The academic Covid-slide and how to avoid it
With the pandemic keeping most secondary school students out of school, many are worried about the inevitable COVID grade slide. While it is difficult to assess what missing months of school will realistically mean, research on summer learning loss can offer some ideas.
Summer learning loss often shows steeper declines in mathematics than in reading, do occur over the summer. Using this as a basis, Preliminary COVID-slide estimates suggest many students will return in autumn 2020 with roughly 70% of the learning gains in reading and mathematics, alongside issues with motivation and anxiety.
This is worrying for all years, and while you can't replicate what happens at school, there are ways to keep your child supported and motivated at home.
Keep on top of home learning
It's hard when you are also working from home but making sure your child is keeping up with work is vital. So too is ensuring that their school is giving bespoke qualitative feedback. Comments on schoolwork should provide insights into your child's work and clear explanations for them. Not only will this help with learning, but also with motivation. If this isn't happening, contact the school and ask for it.
Concentrate on skills improvement
You may not be a teacher, but you can still help with skill improvement with workbooks and tutors.Encourage your child to ask questions about the topics they are learning and also to ask you for help. If you can't help, contact their teachers for extra guidance and search out the websites that support the key stage you are working on.
The government has a list of online resources per key stage for English, Maths and Science that offer up everything from videos to downloadable questions categorised by topic and predicted grade suitable for students.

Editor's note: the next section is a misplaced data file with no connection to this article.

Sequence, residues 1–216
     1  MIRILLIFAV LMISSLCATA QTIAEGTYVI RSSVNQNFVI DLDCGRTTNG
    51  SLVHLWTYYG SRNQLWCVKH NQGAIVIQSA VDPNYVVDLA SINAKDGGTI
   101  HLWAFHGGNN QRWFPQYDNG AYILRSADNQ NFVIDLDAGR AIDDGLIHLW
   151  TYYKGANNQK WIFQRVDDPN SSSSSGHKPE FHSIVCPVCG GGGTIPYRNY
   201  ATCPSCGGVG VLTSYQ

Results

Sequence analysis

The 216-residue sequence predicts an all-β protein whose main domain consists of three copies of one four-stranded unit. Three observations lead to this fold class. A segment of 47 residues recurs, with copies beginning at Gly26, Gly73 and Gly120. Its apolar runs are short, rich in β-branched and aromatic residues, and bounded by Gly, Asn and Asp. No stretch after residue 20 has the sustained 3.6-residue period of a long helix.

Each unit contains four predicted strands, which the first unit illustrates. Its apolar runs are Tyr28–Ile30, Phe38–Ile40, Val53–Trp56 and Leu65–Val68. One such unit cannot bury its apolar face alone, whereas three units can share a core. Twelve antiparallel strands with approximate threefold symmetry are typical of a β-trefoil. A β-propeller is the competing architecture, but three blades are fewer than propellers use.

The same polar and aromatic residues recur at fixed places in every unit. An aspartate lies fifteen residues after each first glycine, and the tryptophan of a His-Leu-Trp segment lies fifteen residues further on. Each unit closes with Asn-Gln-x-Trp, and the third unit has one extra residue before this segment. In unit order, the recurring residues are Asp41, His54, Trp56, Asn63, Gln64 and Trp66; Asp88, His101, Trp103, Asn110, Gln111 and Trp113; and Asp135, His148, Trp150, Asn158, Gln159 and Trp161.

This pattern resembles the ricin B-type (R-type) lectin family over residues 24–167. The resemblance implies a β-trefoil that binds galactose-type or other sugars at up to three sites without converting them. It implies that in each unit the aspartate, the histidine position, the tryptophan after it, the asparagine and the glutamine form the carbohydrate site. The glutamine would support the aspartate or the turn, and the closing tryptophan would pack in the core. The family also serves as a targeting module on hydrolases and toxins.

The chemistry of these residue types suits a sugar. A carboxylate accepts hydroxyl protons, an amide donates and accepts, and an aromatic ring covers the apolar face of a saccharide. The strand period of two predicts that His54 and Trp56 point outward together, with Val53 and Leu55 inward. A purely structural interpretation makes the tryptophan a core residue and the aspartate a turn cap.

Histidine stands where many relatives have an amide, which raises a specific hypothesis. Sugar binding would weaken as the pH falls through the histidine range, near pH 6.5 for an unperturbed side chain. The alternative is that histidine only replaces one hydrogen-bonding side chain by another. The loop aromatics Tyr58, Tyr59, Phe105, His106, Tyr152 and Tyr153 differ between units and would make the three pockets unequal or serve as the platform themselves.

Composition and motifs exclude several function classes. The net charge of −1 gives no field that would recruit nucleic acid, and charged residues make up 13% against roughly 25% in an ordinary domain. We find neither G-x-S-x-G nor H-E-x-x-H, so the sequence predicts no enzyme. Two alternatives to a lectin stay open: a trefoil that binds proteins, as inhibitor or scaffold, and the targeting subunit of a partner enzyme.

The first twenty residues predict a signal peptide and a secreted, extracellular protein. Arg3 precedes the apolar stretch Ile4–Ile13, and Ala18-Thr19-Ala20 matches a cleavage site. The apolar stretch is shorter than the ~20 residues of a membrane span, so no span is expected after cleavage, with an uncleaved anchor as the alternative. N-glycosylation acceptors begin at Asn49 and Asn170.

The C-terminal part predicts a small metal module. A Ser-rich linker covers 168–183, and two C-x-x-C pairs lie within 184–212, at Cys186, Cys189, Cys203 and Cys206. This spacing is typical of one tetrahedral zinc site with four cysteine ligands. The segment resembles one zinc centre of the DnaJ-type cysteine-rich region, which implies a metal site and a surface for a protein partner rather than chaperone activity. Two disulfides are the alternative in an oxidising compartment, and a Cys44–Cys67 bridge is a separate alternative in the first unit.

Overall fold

Focus on maths
Make sure your child knows the basics: Time tables, addition, subtraction, multiplication & division. They also need to understand the language of maths because a solid understanding of the terminology is vital to succeeding. This booklet produced by the NCETM (National College for Excellence in Teaching Mathematics) can help.
Another way to help is with the understanding of mathematical questions. Knowing what needs to be done is often the source of most difficulty with students. It can help to break the problems down and ask your child what do you know from the question? What do you need to do here, and what skills do you have to solve it?
Reading is key to all subjects so where possible, encourage your children to read daily. For good books, look at our blog post on smart reads.Reading on any device and a range of texts from fiction to non-fiction and news will do as it all works towards helping them improve their writing and comprehension skills.
Suggest they learn new tech and media skills
For motivation, it's also an excellent time to teach your children new skills, and even utilise any knowledge you can pass on. Good areas to focus on are:
Making and editing their videos on Vimeo.
Learning how to use design programmes like Sketch.
Suggesting the make a website via Squarespace.
Learn to code. The ability to code and have knowledge of a programming language is increasingly becoming more sought after by employers in all industries. A good programming language to start on is Python.
Start a podcast on podbean.
Write a personal blog or opinion piece on Medium.